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Discussion Starter · #1 ·
OK my first post, please forgive any mistakes! I was just wondering if someone could help me out by telling me what cilantro (sp?) actually is. A lot of primarily American vege sites I've looked at use it it endlessly in their recipes but I've not heard of it. Not sure if we'd just have a different name for it in Aus or if we have no equivelent at all. Thanks in advance!
 

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Discussion Starter · #2 ·
Cilantro is what the leaves are called and corriander is the seed. They were talking about it on Christine Cushing Live the other day, where they said cilantro and corriander are the same thing. So if a recipe calls for cilantro I guess you could substitute it with a smaller amount of corriander.
 

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Discussion Starter · #4 ·
I just made some hummus last night and put some of the leaves in it.........yummy! Also is great in salsa and foods similar. Just the leaves though. It is better fresh & you can grow your own in a small pot, just grab a few leaves to add to foods.
 

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Yup, the leaves that we call cilantro in the US are called coriander in Australia, from what I understand. In the US, the seeds are called coriander, tho I think it would be less confusing if everyone said coriander seeds and coriander leaves or cilantro seeds and cilantro leaves.

The leaves look just like flat-type parsely leaves, but their taste is entirely different. I love it in tomato soup, tomato sauce (tomato salsa), and in potage parmienter instead of the traditional parsely.

I also put it in sweet-corn soup.

Sherijohnson writes " It is better fresh."

Indeed, you can put all the dried cilantro leaf you want to i a recipe, and it won't have the faintest resemblence to fresh cilantro leaf. It is one of those things that just doesn't work out well at all when dried. Other dried herbs and spices are rarely as good as fresh, but at least you can recognize the flavors. With cilantro leaves, drying seems to alter them beyond recognition. Blech.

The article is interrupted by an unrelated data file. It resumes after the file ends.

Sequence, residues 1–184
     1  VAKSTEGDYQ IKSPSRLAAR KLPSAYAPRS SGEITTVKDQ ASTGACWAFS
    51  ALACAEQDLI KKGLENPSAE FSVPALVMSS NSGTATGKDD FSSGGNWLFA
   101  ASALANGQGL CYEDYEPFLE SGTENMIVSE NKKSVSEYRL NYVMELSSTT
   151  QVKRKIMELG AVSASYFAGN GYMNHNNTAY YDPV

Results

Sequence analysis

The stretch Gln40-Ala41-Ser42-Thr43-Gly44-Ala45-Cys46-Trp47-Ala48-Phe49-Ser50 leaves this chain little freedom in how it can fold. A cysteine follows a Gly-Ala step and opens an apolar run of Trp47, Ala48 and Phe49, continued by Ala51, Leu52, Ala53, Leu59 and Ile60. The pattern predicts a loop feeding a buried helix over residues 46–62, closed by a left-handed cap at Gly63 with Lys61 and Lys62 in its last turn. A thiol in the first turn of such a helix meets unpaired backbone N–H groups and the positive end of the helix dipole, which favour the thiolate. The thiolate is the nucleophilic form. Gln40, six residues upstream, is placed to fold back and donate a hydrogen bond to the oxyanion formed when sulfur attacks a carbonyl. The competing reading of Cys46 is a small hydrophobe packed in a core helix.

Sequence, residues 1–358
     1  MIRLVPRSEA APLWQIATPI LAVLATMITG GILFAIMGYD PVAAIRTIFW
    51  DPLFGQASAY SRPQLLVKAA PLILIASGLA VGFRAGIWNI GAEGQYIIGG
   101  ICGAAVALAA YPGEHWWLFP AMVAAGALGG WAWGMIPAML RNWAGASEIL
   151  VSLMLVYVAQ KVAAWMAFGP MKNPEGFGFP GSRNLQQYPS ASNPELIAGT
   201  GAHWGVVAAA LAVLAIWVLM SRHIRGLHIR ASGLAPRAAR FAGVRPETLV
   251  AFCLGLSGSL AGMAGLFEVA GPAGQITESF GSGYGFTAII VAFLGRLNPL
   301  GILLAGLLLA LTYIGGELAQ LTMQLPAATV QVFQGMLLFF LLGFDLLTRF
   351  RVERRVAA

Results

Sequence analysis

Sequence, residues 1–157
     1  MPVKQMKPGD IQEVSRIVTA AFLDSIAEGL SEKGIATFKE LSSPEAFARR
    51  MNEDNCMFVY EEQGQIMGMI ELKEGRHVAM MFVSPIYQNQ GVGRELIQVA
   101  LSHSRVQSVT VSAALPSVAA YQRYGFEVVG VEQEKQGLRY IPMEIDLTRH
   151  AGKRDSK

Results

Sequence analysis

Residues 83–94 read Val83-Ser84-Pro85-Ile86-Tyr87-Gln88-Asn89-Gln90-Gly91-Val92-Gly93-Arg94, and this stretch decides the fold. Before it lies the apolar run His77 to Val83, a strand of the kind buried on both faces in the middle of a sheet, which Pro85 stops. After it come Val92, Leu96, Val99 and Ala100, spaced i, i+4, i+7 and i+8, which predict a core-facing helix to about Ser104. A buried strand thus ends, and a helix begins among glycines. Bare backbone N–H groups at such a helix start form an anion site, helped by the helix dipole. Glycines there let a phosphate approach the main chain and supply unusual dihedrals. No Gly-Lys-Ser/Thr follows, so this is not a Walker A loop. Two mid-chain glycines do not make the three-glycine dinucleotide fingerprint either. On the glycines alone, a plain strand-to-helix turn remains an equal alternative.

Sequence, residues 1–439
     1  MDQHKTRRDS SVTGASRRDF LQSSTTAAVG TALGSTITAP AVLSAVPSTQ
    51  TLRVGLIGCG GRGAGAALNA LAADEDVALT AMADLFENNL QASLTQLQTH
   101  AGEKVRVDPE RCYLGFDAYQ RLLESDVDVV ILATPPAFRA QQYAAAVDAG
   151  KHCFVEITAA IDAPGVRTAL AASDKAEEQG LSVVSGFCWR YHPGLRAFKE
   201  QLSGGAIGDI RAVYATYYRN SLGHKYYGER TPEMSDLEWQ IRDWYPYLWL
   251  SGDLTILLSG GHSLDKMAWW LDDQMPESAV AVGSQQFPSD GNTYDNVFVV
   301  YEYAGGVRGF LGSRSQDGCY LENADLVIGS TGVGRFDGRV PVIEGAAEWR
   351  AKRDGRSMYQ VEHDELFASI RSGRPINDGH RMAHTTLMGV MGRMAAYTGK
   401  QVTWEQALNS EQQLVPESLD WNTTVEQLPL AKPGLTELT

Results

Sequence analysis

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Hi AusChic & welcome!

Pretty much the only mistake you can make is NOT posting!


There is an interesting phenomenon regarding cilantro: some people love it, and some hate it. To those who hate it, it tastes like soap I think (i'm not one of them).

I believe this has to do with some people having sharper taste senses than others. "Supertasters" will all hate cilantro.
 

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Discussion Starter · #7 ·
Note of caution: if the recipe calls for cilantro, don't use the coriander seeds instead. the two taste completely different! even though coming from the same plant.

I love cilantro. I grow bunches of it in my yard. it freezes and dries great, so Ican use it all year long!
 

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Oatmeal is right. I hate, hate, hate cilantro and I think it tastes completely different to me than to other people. Even on leaf in a dish totally ruins it for me. So, if you hear people raving about it and you try it and hate it...don't wonder what's wrong. Most people like it fine but it has a truly offensive taste to me.
 

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I love, love, love cilantro. Sometimes I just stand there sniffing it for a while. I'm not sure about Oatmeal's "supertaster" theory though. I'm extremely picky and hate a whole host of foods that other people love, but one thing I definitely love is cilantro. It is true that people seem to either love or hate it though...
 
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